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AIDS Behav. 2017 Jan;21(1):248-260. doi: 10.1007/s10461-015-1285-6.

A Livelihood Intervention to Reduce the Stigma of HIV in Rural Kenya: Longitudinal Qualitative Study.

Author information

1
Center for Global Health, Massachusetts General Hospital, 125 Nashua Street, Ste. 722, Boston, MA, 02114, USA. actsai@partners.org.
2
Harvard Center for Population and Development Studies, Cambridge, MA, USA. actsai@partners.org.
3
Mbarara University of Science and Technology, Mbarara, Uganda. actsai@partners.org.
4
Division of HIV/AIDS, University of California at San Francisco at San Francisco General Hospital, San Francisco, CA, USA.
5
Wits Reproductive Health and HIV Institute, University of the Witwatersrand, Johannesburg, South Africa.
6
Centre for Microbiology Research, Kenya Medical Research Institute, Nairobi, Kenya.
7
Department of Obstetrics and Gynecology, University of Washington, Seattle, WA, USA.
8
Center of Expertise in Women's Health and Empowerment, University of California Global Health Institute, San Francisco, CA, USA.
9
Department of Social and Behavioral Sciences, School of Nursing, University of California at San Francisco, San Francisco, CA, USA.
10
United Nations Children's Fund, Abuja, Nigeria.
11
Department of Obstetrics, Gynecology and Reproductive Sciences, University of California at San Francisco, San Francisco, CA, USA.

Abstract

The scale-up of effective treatment has partially reduced the stigma attached to HIV, but HIV still remains highly stigmatized throughout sub-Saharan Africa. Most studies of anti-HIV stigma interventions have employed psycho-educational strategies such as information provision, counseling, and testimonials, but these have had varying degrees of success. Theory suggests that livelihood interventions could potentially reduce stigma by weakening the instrumental and symbolic associations between HIV and premature morbidity, economic incapacity, and death, but this hypothesis has not been directly examined. We conducted a longitudinal qualitative study among 54 persons with HIV participating in a 12-month randomized controlled trial of a livelihood intervention in rural Kenya. Our study design permitted assessment of changes over time in the perspectives of treatment-arm participants (N = 45), as well as an understanding of the experiences of control arm participants (N = 9, interviewed only at follow-up). Initially, participants felt ashamed of their seropositivity and were socially isolated (internalized stigma). They also described how others in the community discriminated against them, labeled them as being "already dead," and deemed them useless and unworthy of social investment (perceived and enacted stigma). At follow-up, participants in the treatment arm described less stigma and voiced positive changes in confidence and self-esteem. Concurrently, they observed that other community members perceived them as active, economically productive, and contributing citizens. None of these changes were noted by participants in the control arm, who described ongoing and continued stigma. In summary, our findings suggest a theory of stigma reduction: livelihood interventions may reduce internalized stigma among persons with HIV and also, by targeting core drivers of negative attitudes toward persons with HIV, positively change attitudes toward persons with HIV held by others. Further research is needed to formally test these hypotheses, assess the extent to which these changes endure over the long term, and determine whether this class of interventions can be implemented at scale.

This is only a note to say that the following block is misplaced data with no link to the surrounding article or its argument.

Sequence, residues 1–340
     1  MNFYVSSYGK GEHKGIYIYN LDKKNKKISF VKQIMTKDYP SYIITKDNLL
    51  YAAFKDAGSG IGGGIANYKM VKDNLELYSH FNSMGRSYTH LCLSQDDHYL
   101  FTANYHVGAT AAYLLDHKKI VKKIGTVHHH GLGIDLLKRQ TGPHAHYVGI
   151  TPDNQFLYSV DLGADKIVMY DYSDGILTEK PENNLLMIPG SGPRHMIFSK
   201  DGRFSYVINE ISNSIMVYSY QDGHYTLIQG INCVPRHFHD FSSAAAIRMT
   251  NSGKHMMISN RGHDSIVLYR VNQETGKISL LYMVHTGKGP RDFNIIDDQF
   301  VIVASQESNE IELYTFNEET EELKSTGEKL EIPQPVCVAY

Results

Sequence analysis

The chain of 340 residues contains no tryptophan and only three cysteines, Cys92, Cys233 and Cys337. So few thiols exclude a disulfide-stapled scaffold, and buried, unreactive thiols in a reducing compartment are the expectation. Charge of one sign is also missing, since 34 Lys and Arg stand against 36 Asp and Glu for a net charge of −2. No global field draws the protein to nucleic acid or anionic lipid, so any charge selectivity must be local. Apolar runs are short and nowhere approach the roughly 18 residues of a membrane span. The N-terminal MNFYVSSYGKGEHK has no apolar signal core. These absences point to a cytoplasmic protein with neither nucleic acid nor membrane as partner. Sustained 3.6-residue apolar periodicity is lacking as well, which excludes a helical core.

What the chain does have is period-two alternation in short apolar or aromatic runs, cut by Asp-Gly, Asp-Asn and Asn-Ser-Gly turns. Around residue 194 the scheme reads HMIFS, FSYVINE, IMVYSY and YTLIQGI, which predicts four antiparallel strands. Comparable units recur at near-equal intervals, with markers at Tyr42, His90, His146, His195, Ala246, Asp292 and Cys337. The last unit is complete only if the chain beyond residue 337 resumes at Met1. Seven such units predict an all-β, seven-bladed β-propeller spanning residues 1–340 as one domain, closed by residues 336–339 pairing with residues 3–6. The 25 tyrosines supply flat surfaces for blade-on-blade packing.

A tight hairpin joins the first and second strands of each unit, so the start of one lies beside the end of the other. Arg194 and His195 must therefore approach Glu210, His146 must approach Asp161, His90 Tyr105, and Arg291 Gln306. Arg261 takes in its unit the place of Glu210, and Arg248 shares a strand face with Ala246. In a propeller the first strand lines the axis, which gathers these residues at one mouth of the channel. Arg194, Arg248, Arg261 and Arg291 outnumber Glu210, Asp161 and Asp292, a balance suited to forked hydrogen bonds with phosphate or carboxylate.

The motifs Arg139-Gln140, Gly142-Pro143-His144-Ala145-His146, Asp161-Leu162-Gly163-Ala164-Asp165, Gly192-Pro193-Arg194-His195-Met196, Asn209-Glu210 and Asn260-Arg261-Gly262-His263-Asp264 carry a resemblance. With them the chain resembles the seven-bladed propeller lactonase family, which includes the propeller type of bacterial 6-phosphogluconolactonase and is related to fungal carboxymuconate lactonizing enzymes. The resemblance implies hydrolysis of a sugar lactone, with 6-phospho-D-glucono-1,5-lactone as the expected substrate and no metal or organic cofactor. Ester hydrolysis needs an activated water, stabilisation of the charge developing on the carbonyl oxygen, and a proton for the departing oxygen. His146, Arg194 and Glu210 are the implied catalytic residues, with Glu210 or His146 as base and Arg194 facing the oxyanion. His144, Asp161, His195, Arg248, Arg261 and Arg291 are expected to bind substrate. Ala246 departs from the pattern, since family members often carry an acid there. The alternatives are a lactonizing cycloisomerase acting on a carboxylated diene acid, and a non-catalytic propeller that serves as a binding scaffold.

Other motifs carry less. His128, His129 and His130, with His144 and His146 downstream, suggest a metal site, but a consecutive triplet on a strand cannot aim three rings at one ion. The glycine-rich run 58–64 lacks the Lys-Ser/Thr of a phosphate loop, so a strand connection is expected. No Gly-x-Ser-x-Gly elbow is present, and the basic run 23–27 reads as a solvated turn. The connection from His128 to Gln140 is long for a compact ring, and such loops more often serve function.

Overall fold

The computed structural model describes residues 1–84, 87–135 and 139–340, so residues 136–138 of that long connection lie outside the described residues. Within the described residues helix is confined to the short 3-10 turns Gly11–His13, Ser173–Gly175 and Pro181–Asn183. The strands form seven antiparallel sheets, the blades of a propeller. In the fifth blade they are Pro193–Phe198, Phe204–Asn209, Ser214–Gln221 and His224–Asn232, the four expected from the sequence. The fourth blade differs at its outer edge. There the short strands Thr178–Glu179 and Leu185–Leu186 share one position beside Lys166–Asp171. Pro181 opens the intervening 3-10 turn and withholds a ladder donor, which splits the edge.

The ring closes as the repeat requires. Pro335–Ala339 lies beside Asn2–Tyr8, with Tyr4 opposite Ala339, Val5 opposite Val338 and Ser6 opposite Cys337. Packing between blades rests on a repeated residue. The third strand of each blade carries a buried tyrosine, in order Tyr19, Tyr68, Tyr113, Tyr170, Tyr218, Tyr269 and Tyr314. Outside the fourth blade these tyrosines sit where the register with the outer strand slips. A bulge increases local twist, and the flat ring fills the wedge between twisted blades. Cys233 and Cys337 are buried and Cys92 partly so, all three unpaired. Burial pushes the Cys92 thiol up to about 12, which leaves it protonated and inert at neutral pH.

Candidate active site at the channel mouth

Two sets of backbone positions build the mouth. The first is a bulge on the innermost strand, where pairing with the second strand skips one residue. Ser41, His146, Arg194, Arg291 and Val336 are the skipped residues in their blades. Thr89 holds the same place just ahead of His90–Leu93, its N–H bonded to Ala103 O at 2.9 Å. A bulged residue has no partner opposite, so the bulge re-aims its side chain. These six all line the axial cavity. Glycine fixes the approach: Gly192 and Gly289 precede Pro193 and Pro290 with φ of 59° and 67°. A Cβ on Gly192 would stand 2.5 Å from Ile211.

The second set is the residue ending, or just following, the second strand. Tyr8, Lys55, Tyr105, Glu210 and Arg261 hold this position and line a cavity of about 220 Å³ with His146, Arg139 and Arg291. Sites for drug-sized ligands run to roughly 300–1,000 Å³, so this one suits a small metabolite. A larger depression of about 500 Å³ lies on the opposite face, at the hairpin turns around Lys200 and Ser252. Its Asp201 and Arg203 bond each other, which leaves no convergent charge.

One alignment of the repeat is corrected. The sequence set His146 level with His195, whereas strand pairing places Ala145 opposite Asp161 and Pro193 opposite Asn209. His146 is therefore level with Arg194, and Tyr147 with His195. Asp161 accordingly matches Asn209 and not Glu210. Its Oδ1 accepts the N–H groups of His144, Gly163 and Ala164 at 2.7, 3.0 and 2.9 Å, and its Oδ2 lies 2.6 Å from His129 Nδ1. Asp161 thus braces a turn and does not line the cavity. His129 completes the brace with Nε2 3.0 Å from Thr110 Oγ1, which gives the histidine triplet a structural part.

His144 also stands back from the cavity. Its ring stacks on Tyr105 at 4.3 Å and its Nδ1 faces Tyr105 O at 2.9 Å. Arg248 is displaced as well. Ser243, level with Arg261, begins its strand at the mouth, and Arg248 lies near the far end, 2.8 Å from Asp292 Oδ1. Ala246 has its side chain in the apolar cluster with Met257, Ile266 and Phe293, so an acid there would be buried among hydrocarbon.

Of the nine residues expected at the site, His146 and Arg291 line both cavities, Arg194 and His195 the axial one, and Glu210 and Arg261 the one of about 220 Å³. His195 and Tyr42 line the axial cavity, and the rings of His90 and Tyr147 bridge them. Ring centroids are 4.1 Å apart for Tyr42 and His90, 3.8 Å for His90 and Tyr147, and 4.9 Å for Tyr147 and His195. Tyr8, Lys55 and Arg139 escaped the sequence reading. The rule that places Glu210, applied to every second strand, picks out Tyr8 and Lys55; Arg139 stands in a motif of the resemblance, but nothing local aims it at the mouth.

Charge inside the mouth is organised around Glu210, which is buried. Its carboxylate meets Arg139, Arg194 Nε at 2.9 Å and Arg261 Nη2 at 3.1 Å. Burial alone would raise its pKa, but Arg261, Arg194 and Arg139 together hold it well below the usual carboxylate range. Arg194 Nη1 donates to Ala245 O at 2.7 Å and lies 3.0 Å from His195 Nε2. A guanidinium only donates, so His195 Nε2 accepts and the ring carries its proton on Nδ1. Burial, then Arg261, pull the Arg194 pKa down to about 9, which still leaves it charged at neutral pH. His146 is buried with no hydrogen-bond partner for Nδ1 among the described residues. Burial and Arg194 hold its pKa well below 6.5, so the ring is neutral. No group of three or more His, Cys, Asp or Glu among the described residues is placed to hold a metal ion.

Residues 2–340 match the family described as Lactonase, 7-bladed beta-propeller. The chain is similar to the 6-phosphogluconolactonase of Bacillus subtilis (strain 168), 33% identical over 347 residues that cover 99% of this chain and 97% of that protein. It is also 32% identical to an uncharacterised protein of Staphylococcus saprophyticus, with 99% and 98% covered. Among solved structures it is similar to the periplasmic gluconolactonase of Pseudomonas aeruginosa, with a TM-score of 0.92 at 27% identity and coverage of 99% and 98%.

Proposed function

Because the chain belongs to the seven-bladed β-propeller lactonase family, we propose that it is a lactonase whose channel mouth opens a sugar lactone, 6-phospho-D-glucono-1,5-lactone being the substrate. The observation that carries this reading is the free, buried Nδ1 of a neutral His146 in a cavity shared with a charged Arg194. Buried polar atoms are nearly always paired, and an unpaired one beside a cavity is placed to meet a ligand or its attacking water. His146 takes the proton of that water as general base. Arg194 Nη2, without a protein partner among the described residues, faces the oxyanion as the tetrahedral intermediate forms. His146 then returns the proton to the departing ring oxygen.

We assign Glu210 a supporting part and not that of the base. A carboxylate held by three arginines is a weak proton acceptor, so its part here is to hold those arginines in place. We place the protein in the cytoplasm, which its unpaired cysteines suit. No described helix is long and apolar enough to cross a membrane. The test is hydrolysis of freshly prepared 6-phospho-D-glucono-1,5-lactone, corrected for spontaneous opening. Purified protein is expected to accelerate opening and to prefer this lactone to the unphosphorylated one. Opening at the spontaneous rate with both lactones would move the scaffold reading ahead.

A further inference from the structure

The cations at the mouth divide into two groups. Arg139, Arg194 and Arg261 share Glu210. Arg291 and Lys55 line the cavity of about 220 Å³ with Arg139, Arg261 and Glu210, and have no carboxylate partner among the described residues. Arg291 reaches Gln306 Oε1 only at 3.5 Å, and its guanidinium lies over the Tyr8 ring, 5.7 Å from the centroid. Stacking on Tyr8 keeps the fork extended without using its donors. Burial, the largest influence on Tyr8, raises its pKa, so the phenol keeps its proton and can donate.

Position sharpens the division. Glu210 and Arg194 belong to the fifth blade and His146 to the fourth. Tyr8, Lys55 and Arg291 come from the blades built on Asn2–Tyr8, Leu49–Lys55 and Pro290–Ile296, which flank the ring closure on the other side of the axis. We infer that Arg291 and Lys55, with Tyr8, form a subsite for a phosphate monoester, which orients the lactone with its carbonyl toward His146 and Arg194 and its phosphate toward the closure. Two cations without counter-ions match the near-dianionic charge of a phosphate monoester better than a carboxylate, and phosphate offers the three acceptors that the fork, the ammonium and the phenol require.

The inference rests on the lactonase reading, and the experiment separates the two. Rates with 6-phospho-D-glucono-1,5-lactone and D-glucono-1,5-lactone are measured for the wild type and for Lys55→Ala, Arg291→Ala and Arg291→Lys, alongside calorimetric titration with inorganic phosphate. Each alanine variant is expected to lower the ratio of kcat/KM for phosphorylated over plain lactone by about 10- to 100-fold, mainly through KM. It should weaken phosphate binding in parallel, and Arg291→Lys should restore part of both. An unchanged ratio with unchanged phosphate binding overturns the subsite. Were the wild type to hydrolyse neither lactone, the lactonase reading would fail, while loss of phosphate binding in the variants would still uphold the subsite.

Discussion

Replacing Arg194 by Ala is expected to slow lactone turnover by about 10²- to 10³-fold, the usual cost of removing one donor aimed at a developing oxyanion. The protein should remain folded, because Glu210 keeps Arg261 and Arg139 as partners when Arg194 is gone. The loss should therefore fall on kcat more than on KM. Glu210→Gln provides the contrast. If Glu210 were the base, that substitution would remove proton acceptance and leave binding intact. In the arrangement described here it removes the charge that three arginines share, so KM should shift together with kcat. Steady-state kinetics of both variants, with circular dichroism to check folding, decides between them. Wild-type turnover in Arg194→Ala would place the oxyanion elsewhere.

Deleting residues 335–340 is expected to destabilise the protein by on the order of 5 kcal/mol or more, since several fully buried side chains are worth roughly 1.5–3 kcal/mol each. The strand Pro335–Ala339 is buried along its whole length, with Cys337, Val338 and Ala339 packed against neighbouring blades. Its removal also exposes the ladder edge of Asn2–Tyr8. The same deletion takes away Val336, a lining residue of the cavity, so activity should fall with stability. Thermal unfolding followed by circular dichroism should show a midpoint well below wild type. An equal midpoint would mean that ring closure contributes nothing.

KEYWORDS:

AIDS/HIV; Kenya; Qualitative research; Social stigma

PMID:
26767535
PMCID:
PMC5444205
DOI:
10.1007/s10461-015-1285-6
[Indexed for MEDLINE]
Free PMC Article

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